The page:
The nineteenth century was an age of flux and contradictions: while society was in the throes of a nascent technological revolution, colonial powers like the British and the Russians were embarking on virtually medieval – in their dependence on conventional warfare – tours of conquest enabled by modern artillery, firepower and the railroad – a truly awesome expansionary device that was the prime mover of troops and goods then. At the same time, liberalism had struck deep roots within much of European and American society in the aftermath of the French and American revolutions which had marked the symbolic death of absolutism. Slavery, considered a vile form of bondage that subverts the purported principles of liberty and equality, was banned starting in the early 1800s with the Russian Tsardom being the last major European power to ban serfdom in 1862, under considerable pressure from liberal public opinion.
This pressure was exerted by newspapers, which flourished all over Europe and North America, performing their designated role (more or less) as the fourth estate, as a watchdog on the lookout for governmental excess. However, newspapers then didn’t resemble the tasteful (or not) assembly of colourful images and linear text that we are used to seeing today because of one simple reason: photography was too cumbersome and expensive, requiring mobile darkrooms (used first in the Crimean War in 1856). So the job of war photographers was done by – yes you guessed it right – war artists (painters), yet another noble profession that has been sacrificed at the altar of technology.
The output of many of these adventurous individuals is a visually striking and enlightening representation of the military at its most honourable as well as its barbaric moments. War artists would usually be commissioned by the army to travel with them, which enabled them to travel to far flung places as ‘participant observers’ to a lost age, capable of recording their impressions (military or otherwise) on canvas, documentations which often offer a perspective different from written history of the period. This post is about one such individual: Vasily Vereschagin, a Russian war painter who had the privilege of travelling across British India and painting some striking landscapes and portraits of the subcontinental people, in addition to his extensive coverage of Tsarist Russia’s military campaigns in the wastelands of Central Asia. He could arguably be called one of the first war reporters because of his brutal honesty: he didn’t hesitate to highlight the Russian army in a bad light and paint about subjects like child slavery with honesty, much to the chagrin of higher powers who destroyed some of his highly controversial paintings. Ironically, or rather fittingly, he met his end aboard a Russian warship while covering the Russo-Japanese war of 1905 near the coast of Manchuria after hitting two mines that brought down the ship and its hands to their watery graves.
Vereschagin belonged to a noble line of aristrocratic landowners and was earmarked for military or diplomatic service keeping in line with the customs of the age. He soon enrolled for naval training but developed a passion for art following which he started studying painting in the St.Petersburg Academy of Arts in 1861 full-time. He found the rigid Classical education offered in the academy (copying the works of great painters) tiresome and left for Paris in 1864 to study under John Leon Gerome, a reputed name in the art world.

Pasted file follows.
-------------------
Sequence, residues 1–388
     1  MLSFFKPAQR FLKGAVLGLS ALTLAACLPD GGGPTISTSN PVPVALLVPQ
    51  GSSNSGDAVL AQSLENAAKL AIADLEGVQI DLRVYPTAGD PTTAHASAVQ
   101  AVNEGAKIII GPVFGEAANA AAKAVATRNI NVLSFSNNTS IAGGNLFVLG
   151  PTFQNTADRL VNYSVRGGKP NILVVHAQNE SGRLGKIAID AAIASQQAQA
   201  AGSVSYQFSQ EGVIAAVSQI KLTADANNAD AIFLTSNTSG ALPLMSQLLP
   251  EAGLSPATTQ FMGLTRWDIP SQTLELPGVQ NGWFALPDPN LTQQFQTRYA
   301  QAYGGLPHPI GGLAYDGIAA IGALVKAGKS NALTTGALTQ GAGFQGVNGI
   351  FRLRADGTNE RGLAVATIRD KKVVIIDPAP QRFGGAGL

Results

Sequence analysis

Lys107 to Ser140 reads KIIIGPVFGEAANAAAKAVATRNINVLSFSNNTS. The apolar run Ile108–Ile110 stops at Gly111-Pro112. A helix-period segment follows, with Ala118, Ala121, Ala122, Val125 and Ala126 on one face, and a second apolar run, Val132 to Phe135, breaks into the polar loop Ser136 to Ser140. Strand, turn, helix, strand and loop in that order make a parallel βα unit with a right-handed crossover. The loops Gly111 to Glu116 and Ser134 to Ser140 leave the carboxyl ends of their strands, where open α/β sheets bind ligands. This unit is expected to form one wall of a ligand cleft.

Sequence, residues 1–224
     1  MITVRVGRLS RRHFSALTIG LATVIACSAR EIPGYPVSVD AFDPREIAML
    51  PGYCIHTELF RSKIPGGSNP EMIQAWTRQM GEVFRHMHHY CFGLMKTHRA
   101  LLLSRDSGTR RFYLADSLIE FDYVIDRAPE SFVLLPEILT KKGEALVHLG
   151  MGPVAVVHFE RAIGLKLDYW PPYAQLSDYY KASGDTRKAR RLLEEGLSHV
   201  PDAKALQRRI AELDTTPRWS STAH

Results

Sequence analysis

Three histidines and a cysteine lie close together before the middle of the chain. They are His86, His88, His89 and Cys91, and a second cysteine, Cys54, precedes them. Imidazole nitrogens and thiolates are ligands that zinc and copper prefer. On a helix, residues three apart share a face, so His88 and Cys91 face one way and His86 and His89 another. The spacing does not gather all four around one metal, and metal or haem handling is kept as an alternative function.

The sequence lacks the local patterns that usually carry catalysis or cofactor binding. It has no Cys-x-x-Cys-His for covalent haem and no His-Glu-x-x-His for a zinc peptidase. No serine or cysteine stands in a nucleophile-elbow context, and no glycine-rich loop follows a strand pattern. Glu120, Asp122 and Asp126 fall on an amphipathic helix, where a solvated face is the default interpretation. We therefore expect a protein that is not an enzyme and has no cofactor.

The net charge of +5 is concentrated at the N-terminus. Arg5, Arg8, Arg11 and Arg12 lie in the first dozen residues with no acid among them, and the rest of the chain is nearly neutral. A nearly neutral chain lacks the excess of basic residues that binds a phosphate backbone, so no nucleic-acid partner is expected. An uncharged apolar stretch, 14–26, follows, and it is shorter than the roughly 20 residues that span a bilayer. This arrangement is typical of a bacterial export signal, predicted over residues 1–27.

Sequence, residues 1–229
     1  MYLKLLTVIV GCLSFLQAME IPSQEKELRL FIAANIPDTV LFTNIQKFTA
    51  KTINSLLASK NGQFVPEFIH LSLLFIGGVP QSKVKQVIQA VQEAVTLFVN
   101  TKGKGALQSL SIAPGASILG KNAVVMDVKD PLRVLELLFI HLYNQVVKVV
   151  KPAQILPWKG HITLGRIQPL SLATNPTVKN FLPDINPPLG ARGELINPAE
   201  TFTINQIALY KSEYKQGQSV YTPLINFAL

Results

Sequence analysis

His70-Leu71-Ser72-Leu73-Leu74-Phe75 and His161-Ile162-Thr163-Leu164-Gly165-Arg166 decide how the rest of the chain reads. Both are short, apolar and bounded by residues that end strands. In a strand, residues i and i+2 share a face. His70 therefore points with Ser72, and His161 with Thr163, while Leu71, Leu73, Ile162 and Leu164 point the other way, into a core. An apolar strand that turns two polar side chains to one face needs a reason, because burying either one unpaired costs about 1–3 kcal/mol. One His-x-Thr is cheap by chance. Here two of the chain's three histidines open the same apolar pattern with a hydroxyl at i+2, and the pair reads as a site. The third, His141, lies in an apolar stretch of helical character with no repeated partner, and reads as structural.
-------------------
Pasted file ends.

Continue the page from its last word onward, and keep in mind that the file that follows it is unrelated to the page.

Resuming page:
He soon ventured into the Caucasus region (present-day Georgia, Armenia and Azerbaijan) to discover new subjects to paint, producing sketches that faithfully depicted local attire, customs and traditions. While Vereschagin was a bitter opponent of war and its consequent horrors, he participated in the siege of Samarkand producing an almost photographic reproduction of that pivotal moment in the Russian expansion into Central Asia.
Starting in the mid-1870s, Vereshchagin visited British India which had gone through the Indian Mutiny around twenty years ago in 1857. He travelled all over India from Rajasthan, Gujarat, Delhi, Bombay, Ladakh to the then independent kingdom of Sikkim, producing a series of portraits that are a time-capsule for any Indian seeking to relive the India of the 1800s. He also delves into the matter of British subjugation and oppression of Indian subjects. Throughout the Great Game (roughly the whole of 1800s), the Russian official line maintained that this was happening and this oppression was a pretext used to proclaim that the native population of India was ready for a Russian invasion to ‘free’ them from their subservient condition. That didn’t happen but one can’t help but
wonder what would have been the state of the country (whether there would have been a country?) if the Russians were added to the long list of invaders from the North-West frontier of India to occupy its territory. Maybe India would have been reduced to a satellite state of the Soviet Union, but then your guess is as good as mine. One appalling painting by Vereshchagin shows Indian sepoys tied to cannons to be blasted away as cannon-fodder, as punishment for mutiny. He claimed it was a routine practice in British India.
He has also painted sumptuous landscapes of Indian temples, mosques and minarets. His portraits cut across class distinctions and included Banias, Parsi priests, Bhil tribals, coolies as well as the procession of the Prince of Wales in Jaipur, one of his largest paintings. Here are some of his paintings, you can see for yourself how clear the Yamuna flowed by the Taj and how the mausoleum gleamed a pure white unencumbered of industrial dust that has since settled on its fabled marble.